Archive for the "Linux" Category

Installing dig on a Centos Linux Server with Yum

Installing dig on a CentOS server is pretty easy, using yum.   Dig is part of the bind utils package, so you will want to install bind-utils.


Installation will look something like the following:

And you’re now ready to use dig!



Creating RRD files in PHP

I was looking for a way to store (and graph) data for all of our physical servers.  Now sure, we could install SNMP on every machine and just use MRTG, but as a lot of them are leased by clients, I wanted something out of band which will ‘just work’.  We have a very nice IMPI based system which we use for provisioning every server on the network.  That seemed like a good way to go!  Pulling all the fun info via IPMI is really easy:

That gives us quite a useful amount of info!  Though for our purposes, we’ll ignore everything except the first three columns.

Handling that in PHP, we do something like the following:

Then we need to think about the RRD’s.  We need to check if we HAVE one, if so we put the data in.  Or we generate a new RRD and put the data in.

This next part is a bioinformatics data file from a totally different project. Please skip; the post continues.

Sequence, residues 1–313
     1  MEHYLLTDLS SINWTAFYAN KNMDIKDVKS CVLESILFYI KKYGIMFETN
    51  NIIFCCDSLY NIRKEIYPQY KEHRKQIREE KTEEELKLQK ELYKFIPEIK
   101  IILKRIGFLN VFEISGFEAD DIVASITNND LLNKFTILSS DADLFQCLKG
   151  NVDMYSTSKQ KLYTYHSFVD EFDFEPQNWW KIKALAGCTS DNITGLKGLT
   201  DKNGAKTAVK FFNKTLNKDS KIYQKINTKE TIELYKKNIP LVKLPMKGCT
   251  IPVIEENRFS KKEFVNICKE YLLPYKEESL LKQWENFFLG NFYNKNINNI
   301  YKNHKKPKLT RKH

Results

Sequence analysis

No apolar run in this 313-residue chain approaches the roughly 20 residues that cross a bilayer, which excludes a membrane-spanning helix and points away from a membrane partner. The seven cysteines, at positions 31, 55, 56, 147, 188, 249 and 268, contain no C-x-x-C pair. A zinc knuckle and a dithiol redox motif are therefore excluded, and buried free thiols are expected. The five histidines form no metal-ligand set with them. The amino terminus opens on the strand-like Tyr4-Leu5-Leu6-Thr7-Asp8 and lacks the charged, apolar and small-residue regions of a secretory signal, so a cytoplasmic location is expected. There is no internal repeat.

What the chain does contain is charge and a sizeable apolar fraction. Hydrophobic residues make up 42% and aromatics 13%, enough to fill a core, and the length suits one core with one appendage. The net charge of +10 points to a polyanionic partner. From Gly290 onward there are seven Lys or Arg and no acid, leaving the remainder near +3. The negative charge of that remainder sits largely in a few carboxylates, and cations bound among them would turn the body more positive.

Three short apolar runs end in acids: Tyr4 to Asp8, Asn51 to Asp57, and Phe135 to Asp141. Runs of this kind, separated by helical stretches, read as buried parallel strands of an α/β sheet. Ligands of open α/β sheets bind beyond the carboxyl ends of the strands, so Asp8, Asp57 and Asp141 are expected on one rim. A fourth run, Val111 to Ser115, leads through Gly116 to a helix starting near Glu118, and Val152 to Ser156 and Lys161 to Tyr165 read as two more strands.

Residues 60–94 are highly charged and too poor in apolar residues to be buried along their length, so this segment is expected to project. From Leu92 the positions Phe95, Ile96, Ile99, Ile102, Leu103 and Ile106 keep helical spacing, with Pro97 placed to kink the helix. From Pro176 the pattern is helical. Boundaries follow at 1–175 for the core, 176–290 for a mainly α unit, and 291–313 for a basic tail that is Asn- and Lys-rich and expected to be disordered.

What we’re doing above is creating the datastore, and creating Round Robin Archives for Min, Max, and Average. Storing a sample every 5 minutes for 24 hours (288 samples), a sample every hour for 7 days, and a sample every day for a year.

Now we need to store our data.  That’s the easy part!

And we’re now storing data.  Note the use of the shell_exec.  At least in PHP5.4 on Ubuntu, rrd_update and rrd_graph do not work.

But that’s not much fun if we can’t display the graphs when we need them!

I could write them out to file and then include them from static HTML etc.  But I’d rather have it all dynamically generated.  I have a php file which generates the HTML table referencing the graphs:

And then the actual graphing script:

And now it’s working very nicely indeed!



Quick Tip: Get the UUID for a Disk or Partition

I was just quickly running up a small linux server to use as a backup server at a remote site, and added a new disk to an existing install.

Since it’s at a remote site, I don’t want the chance of it barfing on boot, so I definitely want to specify my partition by UUID.

The UUID is used to identify a device, independently from its device name. Especially useful when mounting physical disks, it’s also useful for LVM volumes, etc.

There are a few ways to get the UUID, but by far the easiest is to simply do an ls -l in /dev/disk/by-uuid.

In my case, I’m pointing at a LVM Logical Volume, so I can take a guess that I’m looking for dm-0, but to be sure, I want to check in /dev/mapper:

Yep, so to mount that new volume in fstab, I want to add a line like the following: